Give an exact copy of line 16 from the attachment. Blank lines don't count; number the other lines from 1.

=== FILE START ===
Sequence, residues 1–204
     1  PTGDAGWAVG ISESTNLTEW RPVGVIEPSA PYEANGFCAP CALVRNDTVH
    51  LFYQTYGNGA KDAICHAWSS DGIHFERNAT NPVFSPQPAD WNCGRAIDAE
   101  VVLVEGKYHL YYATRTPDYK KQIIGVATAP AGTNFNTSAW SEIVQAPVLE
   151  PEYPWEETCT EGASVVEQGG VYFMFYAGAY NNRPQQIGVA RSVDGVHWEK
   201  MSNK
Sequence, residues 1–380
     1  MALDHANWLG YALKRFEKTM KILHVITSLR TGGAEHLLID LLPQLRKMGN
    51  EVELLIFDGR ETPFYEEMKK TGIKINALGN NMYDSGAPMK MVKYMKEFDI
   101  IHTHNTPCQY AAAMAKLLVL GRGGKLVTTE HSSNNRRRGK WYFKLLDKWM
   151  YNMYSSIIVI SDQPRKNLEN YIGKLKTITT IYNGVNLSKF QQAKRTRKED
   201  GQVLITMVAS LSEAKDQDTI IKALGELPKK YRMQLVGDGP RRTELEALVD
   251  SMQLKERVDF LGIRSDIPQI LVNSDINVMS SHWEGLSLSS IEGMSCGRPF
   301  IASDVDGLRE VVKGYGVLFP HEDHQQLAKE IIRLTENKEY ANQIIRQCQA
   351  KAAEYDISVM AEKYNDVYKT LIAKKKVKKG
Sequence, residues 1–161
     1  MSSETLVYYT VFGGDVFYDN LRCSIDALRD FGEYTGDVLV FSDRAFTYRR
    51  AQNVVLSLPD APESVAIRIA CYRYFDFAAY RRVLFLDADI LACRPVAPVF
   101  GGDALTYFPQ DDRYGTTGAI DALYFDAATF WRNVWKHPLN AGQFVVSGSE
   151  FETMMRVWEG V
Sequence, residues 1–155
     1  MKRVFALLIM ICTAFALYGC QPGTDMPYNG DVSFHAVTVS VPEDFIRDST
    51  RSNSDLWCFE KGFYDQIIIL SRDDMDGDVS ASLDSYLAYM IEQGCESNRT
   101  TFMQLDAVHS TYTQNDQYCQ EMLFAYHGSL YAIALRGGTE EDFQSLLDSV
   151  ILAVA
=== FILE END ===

Sequence, residues 1–161